Windows won't be assimilated into Linux community. In worst case scenario for Microsoft, it goes open source and acts similar to ReactOS. Reply
  • peevee - Thursday, May 9, 2019 - link

    "into a Linux-based operating system in much the same way Apple and Google do."

    Yeah, because Linux has been such a success on desktop and laptop. NOT AT ALL.
    And Apple does not use Linux, and Google uses only very modified kernel under layers and layers of very non-Linux stuff.
    Reply
  • bigjeff5 - Thursday, May 9, 2019 - link

    The major problem with this is backwards compatibility. This the primary reason MS dominates the desktop market. You can expect old programs to continue to run in new versions. Programs written 20 years ago still run in Windows 10 (we actually use one like this). That's no the case with e.g. Mac OS. Linux is better about this, but even many Linux distros don't particularly care about backwards compatibility.

    If MS switches to Linux wholesale like that, 90% of old programs (hell, EXISTING programs) will break. Then why would anybody choose MS? The day MS goes full Linux is the day MS stops being relevant in the desktop space.

    Integrating Linux into Windows, on the other hand, makes them MORE relevant in the PC and server market. Anybody who must use Windows and Linux on a regular basis will be inclined to think "why do I need a separate Linux OS? I can just do it all in Windows now." Doubly so if they can make firing up a Linux session quick and convenient.

    Frankly, assuming they can get performance high enough (which they are clearly focusing on), it even makes efforts like WINE almost irrelevant by solving the problem from the other direction.

    This and MS's efforts to get native compatibility with ARM based processors are real steps to ensuring Windows will remain the dominant platform for the foreseeable future.
    Reply
  • CraigInAustin - Tuesday, May 7, 2019 - link

    This IS pretty much a good thing for humans, and I mean all of us. The theoretical upside to market driven capitalism and pure socialist GPL licensing has been at an impasse for too long and an impediment to the future internet of things which is at the heart of limitless potential. Personally, I am going to participate in bridging this divide in a big way. Reply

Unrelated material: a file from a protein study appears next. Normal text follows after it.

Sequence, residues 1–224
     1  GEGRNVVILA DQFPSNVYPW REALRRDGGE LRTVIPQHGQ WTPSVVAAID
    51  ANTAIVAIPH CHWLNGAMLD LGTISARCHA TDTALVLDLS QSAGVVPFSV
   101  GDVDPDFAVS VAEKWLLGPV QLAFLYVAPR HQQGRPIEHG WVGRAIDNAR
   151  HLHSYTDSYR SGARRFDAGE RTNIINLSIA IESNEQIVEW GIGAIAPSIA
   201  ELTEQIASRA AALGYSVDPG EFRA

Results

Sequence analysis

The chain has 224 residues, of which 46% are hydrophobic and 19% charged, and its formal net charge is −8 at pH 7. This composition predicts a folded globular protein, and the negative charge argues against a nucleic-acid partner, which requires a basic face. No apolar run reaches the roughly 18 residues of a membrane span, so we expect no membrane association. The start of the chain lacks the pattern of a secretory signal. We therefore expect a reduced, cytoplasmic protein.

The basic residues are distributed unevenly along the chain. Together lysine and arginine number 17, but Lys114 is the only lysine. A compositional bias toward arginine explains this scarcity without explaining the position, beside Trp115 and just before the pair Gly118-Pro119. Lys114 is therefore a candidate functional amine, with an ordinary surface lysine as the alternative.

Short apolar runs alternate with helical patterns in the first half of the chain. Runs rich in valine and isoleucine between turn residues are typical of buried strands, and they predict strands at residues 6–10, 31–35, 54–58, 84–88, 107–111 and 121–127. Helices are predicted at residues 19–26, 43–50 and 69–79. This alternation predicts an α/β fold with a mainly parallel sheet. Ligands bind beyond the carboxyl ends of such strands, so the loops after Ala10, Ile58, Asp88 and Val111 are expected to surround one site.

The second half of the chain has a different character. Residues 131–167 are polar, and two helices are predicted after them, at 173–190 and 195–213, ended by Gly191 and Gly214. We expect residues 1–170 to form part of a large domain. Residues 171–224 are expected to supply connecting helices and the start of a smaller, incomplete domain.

• domboy - Tuesday, May 7, 2019 - link

    I kind of like how the current WSL works in that it's not a full-blown VM, so I'll be interested to see how this change affects how WSL functions and how linux processes run (wonder if they'll still be visible on the windows side aka task manager). But as long as I can still setup an a WSL instance to start at system boot I'll be ok. Reply
  • Os2 - Tuesday, May 7, 2019 - link

    Windows phone is what this is. A little late wouldnt you say Nelly ? Micrograft is a joke. They going the way of IBM and General Electric. I think you should spend more on marketing. Maybe give Nelly a couple of bonuses since hes such a genius! This must be his idea. Reply
  • baka_toroi - Tuesday, May 7, 2019 - link

    >I think you should spend more on marketing.
    I don't think there's a corporation with a worse marketing department than MS.
    Reply
  • Speedfriend - Wednesday, May 8, 2019 - link

    Aah, yes poor Microsoft, nearly bankrupt, nearly gone - if it wasn't for that pesky trillion dollar market cap.... Reply
  • 1_rick - Tuesday, May 7, 2019 - link

    Oddly enough, you have been able to run X applications under Windows since the WSL came out (or maybe since Ubuntu was released for it, I can't remember which, exactly.) Use apt to install an X server and then get Xming. Hardware acceleration I could never get working but if you could live without, you could run a browser, Xemacs, even xscreensaver (although nobody tell JWZ.) Reply